Before any of you wonder what weâ€™re talking about, GIMP is an image manipulation software. We arenâ€™t reviewing any psychotic, masked slaves, the kind youâ€™d find in Pulp Fiction or other such classics. (However if you do fancy those Gimps, just drop us a line and weâ€™ll be more than happy to oblige you with a review.)
Right, to avoid confusion;
â€œGIMP is the GNU Image Manipulation Program. It is a freely distributed piece of software for such tasks as photo retouching, image composition and image authoring. It works on many operating systems, in many languages. (more…)â€
â€“ From the Gimp website.
After using the software for a while you realize that itâ€™s capable of a lot. The UI isnâ€™t particularly great, but itâ€™s very simple and no tool is more than a couple of clicks away making it fairly easy to use. It didnâ€™t take me very long to figure out the basics. You can do almost all the basic things that youâ€™d want to in an image manipulation software. Red Eye Removal for those Facebook junkies, image cropping and re-sizing for any of you obsessed with sharing all your photographs, colour correction and image enhancement are just a few of the things you can do with GIMP. You can also delve into deeper and more complicated things like Digital Image Manipulation, Animation, etc.
You can find out more by checking out the feature list.
Since this is a community developed piece of software, there are quite a few tutorials out there to help you get acquainted with the software and then there are even more tutorials to help you become a pro with GIMP. (That sounds so wrong!)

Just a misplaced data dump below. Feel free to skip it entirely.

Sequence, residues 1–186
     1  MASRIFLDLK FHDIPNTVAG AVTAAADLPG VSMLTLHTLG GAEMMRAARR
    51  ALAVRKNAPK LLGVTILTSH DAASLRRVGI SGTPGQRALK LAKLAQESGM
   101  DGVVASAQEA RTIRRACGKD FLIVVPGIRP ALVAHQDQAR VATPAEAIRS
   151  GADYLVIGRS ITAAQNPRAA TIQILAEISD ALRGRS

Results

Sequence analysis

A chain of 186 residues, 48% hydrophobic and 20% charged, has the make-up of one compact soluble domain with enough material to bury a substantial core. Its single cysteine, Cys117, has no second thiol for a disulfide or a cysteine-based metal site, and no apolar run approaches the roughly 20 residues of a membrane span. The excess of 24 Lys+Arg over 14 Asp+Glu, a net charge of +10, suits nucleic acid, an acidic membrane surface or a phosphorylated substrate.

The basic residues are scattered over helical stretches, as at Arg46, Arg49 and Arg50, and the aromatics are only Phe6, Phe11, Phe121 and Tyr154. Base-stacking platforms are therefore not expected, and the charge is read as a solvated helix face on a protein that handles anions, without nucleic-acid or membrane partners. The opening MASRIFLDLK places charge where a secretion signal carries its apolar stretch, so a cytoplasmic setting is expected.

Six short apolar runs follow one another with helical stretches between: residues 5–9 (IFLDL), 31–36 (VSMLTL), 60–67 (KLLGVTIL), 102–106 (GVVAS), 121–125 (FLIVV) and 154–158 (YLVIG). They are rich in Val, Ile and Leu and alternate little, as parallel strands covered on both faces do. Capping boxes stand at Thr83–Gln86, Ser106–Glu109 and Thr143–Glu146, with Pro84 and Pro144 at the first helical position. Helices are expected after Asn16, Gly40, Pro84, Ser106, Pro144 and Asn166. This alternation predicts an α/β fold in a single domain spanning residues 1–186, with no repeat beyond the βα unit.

In itself and as an image manipulation tool the software is great. However if you compare it to other professional software like Adobe Photoshop or Corel Draw, it leaves a lot to be desired. But I think thatâ€™s the great thing about GIMP. Itâ€™s not meant to compete(or maybe it is?) with those programs, but as an Open Source solution for people who donâ€™t wish to spend the money on expensive software but still want to give their creative side an outlet.
All in all, Iâ€™d say itâ€™s a nice piece of software and Iâ€™d definitely suggest giving it a go before you make your decision. For me, though, Iâ€™m going to stick to the more conventional Photoshop. (I am quite an Adobe fan-boy, so donâ€™t take my word for it.)
You can download GIMP here, and hereâ€™s the documentation. Incase youâ€™re a developer and would like to contribute to the development of GIMP, you could either do plugins or dive straight into the core development of GIMP.
Here are some of the things I came up with after some tinkering around in GIMP.
This is a film-grain look that I’ve given to a random picture that I pulled from Sxc.hu.
And here I converted a photograph of Uma Thurman into a sketch.
(GIMP, Pulp Fiction, Uma Thurman…. You guessed it! I’m a huge QT fan. In fact, I have ‘Son of a Preacher Man’ playing in the background right now…)
If you try GIMP, let us know what you think about it. Additionally, if there are any other Image Manipulation softwares you’d like us to test out for you, let us know and we’ll have our very own ‘Gimp’ test it for you.